Film Review: ‘Zeroville’

  • Variety
Film Review: ‘Zeroville’
I’m tired of hearing how some novels are “impossible to adapt.” Balderdash! Just because some books don’t lend themselves to being translated from page to screen doesn’t mean that the attempt ought not to be made. Just ask James Franco, who’s shown a speed freak’s determination to tackle some of the unlikeliest literary adaptations of the last decade, from William Faulkner to John Steinbeck (“In Dubious Battle”) to Cormac McCarthy (“Child of God”). Frankly, he’s not very good at it, but that doesn’t stop him. Nor should it. Even Franco’s failures are fascinating, like asymmetrical pottery-wheel mishaps that wouldn’t passs for a vase, but wind up looking like modern art.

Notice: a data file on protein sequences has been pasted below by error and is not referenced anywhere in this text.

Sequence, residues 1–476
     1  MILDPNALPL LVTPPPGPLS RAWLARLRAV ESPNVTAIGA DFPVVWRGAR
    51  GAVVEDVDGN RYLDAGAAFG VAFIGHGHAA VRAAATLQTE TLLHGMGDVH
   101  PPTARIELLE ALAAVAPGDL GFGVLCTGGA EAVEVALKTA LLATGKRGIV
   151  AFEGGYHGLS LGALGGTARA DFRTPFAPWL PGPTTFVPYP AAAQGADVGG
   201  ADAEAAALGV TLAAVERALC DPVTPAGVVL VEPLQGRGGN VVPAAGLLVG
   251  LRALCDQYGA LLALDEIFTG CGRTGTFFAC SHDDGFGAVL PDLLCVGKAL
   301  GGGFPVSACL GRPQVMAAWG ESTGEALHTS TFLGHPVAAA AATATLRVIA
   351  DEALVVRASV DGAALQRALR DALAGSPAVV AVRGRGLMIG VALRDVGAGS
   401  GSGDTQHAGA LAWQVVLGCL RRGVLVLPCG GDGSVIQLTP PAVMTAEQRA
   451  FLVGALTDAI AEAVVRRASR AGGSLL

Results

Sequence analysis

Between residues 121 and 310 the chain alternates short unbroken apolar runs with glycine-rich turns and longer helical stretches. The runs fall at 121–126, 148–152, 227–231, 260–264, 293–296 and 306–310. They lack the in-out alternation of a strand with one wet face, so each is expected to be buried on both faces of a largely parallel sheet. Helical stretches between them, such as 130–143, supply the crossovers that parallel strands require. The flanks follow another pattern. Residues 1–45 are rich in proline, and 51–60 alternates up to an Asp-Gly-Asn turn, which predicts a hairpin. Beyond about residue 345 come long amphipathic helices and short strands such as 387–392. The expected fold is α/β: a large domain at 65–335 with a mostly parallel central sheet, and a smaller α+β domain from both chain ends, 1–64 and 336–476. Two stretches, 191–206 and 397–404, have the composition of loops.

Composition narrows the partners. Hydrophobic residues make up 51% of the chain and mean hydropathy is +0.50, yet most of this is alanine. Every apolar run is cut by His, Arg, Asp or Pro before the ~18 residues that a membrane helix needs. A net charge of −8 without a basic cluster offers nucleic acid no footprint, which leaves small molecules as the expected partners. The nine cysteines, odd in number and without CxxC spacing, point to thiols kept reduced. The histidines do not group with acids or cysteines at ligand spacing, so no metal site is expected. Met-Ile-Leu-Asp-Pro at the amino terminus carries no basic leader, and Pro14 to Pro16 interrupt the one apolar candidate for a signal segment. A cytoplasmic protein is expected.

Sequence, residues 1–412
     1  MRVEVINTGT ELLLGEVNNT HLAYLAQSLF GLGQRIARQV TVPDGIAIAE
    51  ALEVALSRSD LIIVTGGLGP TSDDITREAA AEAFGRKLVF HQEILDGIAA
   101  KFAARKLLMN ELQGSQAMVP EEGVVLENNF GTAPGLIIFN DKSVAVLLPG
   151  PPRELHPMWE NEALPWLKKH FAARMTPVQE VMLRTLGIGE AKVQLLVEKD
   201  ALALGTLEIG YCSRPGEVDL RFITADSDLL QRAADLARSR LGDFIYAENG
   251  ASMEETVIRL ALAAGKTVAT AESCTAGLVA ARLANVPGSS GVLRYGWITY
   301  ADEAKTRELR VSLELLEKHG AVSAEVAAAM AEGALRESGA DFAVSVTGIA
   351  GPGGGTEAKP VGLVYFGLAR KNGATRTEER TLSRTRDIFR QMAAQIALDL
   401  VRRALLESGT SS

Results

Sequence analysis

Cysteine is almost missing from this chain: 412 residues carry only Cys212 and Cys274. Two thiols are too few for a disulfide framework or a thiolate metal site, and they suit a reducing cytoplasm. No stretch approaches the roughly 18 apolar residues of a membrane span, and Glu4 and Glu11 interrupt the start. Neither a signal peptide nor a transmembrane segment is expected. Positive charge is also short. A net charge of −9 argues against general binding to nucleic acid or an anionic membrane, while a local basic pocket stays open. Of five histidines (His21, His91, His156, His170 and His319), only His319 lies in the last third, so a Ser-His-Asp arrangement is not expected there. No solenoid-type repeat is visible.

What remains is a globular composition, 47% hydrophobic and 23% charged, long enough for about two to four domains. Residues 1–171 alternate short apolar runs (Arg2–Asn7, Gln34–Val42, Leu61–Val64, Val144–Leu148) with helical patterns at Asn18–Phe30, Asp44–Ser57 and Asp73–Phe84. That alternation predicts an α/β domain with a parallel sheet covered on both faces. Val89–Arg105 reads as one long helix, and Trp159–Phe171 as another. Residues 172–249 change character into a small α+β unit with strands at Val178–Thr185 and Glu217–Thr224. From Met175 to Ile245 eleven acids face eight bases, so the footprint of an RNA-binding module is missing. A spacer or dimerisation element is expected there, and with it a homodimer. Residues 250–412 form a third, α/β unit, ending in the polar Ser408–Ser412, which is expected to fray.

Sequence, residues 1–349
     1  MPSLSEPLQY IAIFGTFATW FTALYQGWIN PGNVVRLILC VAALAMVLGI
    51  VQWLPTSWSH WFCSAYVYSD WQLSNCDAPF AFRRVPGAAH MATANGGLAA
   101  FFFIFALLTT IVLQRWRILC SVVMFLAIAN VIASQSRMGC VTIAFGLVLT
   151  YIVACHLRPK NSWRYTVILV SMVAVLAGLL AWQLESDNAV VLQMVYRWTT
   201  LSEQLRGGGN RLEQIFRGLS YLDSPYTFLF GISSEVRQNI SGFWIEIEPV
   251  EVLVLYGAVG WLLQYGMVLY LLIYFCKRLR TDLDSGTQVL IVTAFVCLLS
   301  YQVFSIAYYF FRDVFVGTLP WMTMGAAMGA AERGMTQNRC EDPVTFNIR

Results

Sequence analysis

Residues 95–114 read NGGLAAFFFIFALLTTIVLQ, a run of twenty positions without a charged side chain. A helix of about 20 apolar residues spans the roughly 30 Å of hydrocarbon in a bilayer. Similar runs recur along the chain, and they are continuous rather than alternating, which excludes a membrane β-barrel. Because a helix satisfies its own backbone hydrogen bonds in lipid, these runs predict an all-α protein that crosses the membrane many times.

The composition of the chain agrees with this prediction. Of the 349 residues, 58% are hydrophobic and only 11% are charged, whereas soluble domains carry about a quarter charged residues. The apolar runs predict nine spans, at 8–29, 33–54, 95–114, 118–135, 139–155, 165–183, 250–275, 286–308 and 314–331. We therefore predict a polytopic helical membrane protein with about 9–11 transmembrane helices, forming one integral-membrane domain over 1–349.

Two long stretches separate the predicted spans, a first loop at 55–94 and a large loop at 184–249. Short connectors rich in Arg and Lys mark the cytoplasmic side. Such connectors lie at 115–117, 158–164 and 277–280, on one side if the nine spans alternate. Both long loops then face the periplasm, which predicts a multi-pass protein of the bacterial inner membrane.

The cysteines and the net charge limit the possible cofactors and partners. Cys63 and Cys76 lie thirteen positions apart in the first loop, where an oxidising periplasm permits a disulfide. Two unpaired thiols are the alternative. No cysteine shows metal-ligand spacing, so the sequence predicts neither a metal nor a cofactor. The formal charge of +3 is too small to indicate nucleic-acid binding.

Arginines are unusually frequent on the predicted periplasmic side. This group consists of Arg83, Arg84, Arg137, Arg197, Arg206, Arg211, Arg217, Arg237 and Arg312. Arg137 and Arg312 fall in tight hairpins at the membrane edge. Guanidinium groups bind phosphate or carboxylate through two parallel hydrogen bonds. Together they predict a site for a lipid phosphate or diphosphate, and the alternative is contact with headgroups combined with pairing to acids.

From the moment of its publication in 2007, Steve Erickson’s postmodern showbiz satire “Zeroville” was widely described as “unfilmable” — which was like waving a red flag in front of Franco. Truth be told,
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